The score—which won an Oscar yet feels woefully inappropriate in the movie—is strong and spread well throughout the mix. The horrible electronic/synth mood setting music can fill the room with some real power and really cannot be faulted beyond the fact it doesn’t feel right in the movie itself.

 Midnight Express
As for atmospherics, once again the TrueHD track works wonders. Scenes where items are being searched and articles are scattering around tables and falling on floors sound fantastic and the constant dripping in some of the prison areas seem to be everywhere in the room and widen the range of the track nicely.

Dialogue holds up well, even if it has moments of feeling a little confined but overall I found this to be a strong track with very little to fault.


Beyond BD-Live, we actually have quite a great batch of features on offer here. The commentary with Alan Parker is detailed and rich with stories about the entire process of getting this movie made. The only parts that did pull the rug away from my enjoyment of the film a little is Parker informing us of the changes made in the screenplay. Such as it being set in one prison as opposed to the multiple locations in Hayes' real experience and deciding whether to have Hayes murder the prison warden, accidentally kill him or just escape swimming across the river. This raised the question, what the hell actually happened to Hayes and how much of this is based on fact?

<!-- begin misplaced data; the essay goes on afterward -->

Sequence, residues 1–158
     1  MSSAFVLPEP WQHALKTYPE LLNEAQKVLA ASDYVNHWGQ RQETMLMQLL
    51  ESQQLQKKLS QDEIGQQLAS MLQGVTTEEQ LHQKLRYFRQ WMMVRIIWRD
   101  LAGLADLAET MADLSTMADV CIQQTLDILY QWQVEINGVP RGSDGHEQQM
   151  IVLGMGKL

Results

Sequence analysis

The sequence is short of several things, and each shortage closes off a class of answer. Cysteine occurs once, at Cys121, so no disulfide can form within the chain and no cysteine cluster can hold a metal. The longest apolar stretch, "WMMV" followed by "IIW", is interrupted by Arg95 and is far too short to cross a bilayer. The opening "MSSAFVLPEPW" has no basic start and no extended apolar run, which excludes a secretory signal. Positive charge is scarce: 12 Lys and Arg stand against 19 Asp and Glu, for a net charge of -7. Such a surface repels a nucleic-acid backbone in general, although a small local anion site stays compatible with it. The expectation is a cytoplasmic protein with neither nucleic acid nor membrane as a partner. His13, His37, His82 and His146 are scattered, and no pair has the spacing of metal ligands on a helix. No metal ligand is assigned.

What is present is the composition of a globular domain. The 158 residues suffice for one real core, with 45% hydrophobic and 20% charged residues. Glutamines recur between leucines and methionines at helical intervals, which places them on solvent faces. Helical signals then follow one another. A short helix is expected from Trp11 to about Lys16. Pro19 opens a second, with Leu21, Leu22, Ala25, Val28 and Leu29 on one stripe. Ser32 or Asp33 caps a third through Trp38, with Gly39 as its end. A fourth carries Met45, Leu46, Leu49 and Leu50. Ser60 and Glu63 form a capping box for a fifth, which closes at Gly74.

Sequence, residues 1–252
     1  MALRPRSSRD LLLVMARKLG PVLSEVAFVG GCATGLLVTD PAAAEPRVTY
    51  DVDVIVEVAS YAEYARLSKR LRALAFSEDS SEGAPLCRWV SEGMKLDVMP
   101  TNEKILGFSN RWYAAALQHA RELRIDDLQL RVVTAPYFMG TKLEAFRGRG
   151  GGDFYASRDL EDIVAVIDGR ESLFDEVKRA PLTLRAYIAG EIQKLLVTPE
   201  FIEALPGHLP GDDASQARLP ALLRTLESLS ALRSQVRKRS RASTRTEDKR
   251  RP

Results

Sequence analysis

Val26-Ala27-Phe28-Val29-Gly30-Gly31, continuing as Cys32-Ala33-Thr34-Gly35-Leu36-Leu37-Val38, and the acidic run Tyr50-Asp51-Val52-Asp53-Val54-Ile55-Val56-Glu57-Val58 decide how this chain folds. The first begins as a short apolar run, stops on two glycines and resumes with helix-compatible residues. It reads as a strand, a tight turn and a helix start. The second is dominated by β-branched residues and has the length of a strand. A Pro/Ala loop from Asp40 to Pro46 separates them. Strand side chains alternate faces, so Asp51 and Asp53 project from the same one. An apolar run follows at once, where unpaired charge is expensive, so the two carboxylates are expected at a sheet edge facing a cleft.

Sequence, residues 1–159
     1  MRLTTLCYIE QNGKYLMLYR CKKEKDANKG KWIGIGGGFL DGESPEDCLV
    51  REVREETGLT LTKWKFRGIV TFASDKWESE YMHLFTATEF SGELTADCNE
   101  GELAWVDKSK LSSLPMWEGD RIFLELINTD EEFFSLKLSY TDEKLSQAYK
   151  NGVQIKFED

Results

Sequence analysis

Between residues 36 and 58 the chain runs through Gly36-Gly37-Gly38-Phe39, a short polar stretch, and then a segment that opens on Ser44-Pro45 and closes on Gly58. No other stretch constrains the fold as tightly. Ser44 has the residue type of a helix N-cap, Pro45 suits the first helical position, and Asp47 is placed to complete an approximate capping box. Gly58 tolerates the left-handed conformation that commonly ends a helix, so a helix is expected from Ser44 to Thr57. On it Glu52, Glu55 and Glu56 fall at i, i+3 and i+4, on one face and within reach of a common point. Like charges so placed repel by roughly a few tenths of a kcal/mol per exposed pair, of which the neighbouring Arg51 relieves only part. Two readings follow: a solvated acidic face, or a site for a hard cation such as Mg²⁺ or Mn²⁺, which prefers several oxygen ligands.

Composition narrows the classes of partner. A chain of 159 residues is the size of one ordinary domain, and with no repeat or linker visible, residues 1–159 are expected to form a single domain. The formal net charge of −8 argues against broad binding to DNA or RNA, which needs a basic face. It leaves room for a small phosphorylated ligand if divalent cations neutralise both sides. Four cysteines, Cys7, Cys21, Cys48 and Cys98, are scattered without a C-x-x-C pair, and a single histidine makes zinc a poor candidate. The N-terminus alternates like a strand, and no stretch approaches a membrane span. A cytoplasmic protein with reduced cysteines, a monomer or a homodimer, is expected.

Midnight Express
Moving onto the featurettes, ‘The Producers’ (25:54 HD), ‘The Production’ (24:28 HD) and ‘The Finished Film’ (23:48 HD) all of which could really have been edited into one long documentary. These all prove to be thoroughly enjoyable, interesting and packed with lots of detail and insight from pretty much all involved. Producers, Puttnam, Guber and Marshall all bring plenty of stories about getting the film made, while Alan Parker gives plenty of insight into who didn’t get cast (Richard Gere and Dennis Quaid) as well as plenty about the actual shoot. Screenwriter Oliver Stone gives us his usual well told tales of his experiences and William Hurt brings plenty of chuckles to his stories. All in all these were great featurettes and felt specially made rather than just thrown on the disc.

Lastly there’s a photo gallery (set to that Oscar winning score) and the original making of (0 7:27 SD), which focuses mainly on Billy Hayes (and his killer seventies perm and moustache combo).

 Midnight Express


Midnight Express was nowhere near as effective as it was when I watched it in my youth, but it’s still a great drama about a man’s horrible ordeal in a foreign prison and just how screwed he was in their legal system.

A/V wise, Midnight Express was a treat and a nice example of how to treat an older movie respectfully in HD without just trying to compete with the HD savvy modern crowd. Fans of the movie should be impressed across the board because what with the A/V and features doing such a solid job it’s hard not to be.

* Note: The above images are taken from the Blu-ray release and resized for the page.